Measuring speakers

Does anyone know how to measure speakers' frequency response like they do in magazines? I'd like to confirm my speakers' lo frequency specifications to adjust with a subwoofer.
You would need some sophisticated equipment and a suitible environment to replicate testing as done in the mag's.

As a pratical matter even if you could it wouldn't make much difference in actual use since the room and speaker placement makes a huge difference.

Buy a test disc and a Radio Shack sound level meter and use it to set up the sub's and integrate their response with the main speakers. Easier than doing it by ear.
Newbee is right, but the closest that you can come is to measure the speaker in a quiet, outdoor environment lifted well off of the ground. Use a CD with test tones, such as those inexpensively available from Stereophile or a tone generator and a sound level meter, the Radio Shack model mentioned is very inexpensive and should work nicely.

Buy a test disc...

Or make one on your computer (if you have one). Freeware is available for both Mac and PC. Save your file to AIFF (Mac) or WAV (PC). Then burn your file to a CDR. You can make a disc not only for your sub to main crossover, but for testing your whole system as well. (or if you do not want to go through the motions, just buy one!)

I prefer to make my own because I can pinpoint any frequency I choose.
there is also SW that dive you greater control than CD test discs (this may be what Jamscience is refering to to make discs). I have 2 packages, one freeware called "Multigen" is a frequency generator that generates simply sine waves - it has continuously variable frequency. It also allows more complex harmonics contruction. The other is AQT (Audio Quick Test) - it's more sophisticated and costs $. The entry version is $30. I'm only a user of these, not afilaited with either company. I have them loaded on a laptop that I connect to a pre-in for testing in room setup. I us the RS meter for amplitude measurements, but as has been said, this is highly imprecise. Finally, Jamscience's suggestion to burn a cd is a great idea for more quick testing. It's much easier to load up a cd, than to connect up a laptop, boot up, etc, if all you want to do is run a quick scan.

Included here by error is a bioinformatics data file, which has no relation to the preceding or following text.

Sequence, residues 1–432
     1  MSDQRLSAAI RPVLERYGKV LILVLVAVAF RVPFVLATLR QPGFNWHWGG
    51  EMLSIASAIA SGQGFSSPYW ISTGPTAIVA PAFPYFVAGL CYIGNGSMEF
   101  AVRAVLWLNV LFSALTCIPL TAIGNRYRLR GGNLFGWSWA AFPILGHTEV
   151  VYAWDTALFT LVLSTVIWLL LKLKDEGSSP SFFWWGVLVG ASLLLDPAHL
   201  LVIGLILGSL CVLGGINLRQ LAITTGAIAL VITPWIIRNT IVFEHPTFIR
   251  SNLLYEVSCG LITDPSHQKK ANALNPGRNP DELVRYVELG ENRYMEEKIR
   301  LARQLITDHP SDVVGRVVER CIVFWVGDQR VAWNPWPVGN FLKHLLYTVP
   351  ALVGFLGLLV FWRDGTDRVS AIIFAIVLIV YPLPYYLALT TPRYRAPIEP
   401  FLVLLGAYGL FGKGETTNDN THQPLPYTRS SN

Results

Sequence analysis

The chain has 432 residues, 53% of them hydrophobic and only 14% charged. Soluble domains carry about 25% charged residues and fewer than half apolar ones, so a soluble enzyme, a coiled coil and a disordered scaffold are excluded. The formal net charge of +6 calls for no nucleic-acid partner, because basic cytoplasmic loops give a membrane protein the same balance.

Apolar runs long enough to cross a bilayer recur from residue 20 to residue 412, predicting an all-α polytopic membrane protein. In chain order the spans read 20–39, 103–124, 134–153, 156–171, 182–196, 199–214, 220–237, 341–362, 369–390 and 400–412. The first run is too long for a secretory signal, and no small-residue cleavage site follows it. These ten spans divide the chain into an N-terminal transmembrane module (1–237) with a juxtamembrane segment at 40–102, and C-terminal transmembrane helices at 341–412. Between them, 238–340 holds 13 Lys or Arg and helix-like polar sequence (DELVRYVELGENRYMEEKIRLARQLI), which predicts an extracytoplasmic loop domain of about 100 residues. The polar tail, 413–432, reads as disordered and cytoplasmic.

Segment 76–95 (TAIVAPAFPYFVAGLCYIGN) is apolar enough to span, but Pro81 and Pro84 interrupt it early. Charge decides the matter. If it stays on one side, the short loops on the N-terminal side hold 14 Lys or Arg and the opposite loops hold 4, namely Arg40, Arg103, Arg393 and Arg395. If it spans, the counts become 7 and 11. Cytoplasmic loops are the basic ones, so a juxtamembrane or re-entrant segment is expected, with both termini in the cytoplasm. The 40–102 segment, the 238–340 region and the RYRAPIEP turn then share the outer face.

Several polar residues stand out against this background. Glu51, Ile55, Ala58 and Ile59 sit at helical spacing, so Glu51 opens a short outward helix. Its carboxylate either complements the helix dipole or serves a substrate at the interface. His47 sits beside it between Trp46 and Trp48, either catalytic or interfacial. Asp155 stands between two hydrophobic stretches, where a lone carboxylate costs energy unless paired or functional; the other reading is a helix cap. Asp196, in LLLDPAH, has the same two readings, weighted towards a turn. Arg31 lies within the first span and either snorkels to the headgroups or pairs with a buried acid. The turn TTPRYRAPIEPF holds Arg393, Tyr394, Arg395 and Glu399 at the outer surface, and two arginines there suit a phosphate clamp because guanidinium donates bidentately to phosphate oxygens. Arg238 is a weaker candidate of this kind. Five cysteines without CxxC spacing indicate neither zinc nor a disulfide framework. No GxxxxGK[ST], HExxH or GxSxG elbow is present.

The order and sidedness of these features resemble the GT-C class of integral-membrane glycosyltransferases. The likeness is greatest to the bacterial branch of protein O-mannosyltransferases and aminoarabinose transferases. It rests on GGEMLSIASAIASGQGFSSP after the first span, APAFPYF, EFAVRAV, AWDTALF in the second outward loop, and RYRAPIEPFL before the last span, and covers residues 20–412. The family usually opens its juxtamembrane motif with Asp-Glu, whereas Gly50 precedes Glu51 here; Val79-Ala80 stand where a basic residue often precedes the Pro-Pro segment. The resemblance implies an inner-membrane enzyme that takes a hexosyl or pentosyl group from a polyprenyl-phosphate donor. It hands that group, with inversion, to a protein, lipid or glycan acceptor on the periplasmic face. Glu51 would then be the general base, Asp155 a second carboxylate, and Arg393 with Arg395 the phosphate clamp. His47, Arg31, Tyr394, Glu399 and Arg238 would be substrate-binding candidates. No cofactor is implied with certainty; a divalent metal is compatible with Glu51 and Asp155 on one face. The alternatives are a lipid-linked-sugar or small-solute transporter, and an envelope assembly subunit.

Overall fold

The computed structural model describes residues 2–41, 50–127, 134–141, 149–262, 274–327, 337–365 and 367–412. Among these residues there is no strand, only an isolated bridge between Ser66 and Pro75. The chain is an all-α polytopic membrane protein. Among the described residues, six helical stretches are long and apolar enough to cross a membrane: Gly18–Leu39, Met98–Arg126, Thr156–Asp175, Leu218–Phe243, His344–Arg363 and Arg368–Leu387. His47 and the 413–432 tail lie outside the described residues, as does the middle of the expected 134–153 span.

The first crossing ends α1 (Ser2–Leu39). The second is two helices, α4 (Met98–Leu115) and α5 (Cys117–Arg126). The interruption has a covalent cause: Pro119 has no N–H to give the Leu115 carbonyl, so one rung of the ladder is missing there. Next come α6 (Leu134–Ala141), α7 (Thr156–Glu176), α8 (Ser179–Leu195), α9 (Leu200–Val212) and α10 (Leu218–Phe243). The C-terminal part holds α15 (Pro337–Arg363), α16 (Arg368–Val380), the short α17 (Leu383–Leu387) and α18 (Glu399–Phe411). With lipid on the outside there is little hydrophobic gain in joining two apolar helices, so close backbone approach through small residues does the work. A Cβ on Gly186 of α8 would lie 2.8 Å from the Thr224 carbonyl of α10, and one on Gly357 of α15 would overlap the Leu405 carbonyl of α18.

The Behringer DEQ2496 has a spectrum analyser function, and is cheap enough to be bought simply for this feature. (About $350 including microphone). Much easier to use than the RS meter and test CDs.

Furthermore, after you see your in-room frequency response, and recover from the shock, you can go about fixing it using the automatic equalization feature.
When I test my speakers, I use a Rolls MO2020 signal generator and my RS sound meter. I find it to be very effective.
I use the DEQ 2496 as well. Wouldn't you still need a test cd as well? If I am wrong please fill me in, but I believe the unit only has a pink noise generator. I am not questioning your knowledge, but you got me questioning mine. I could be missing out on some very useful features of this EQ.

Nuguy...For frequency response measurement and correction all you need is the internally generated noise signal. However, a test CD, such as the one put out by Denon, includes other tracks that I have found useful.
Check out ETF acoustic It is very sophisticated stuff and pretty affordable. You will spend many hours playing with this program.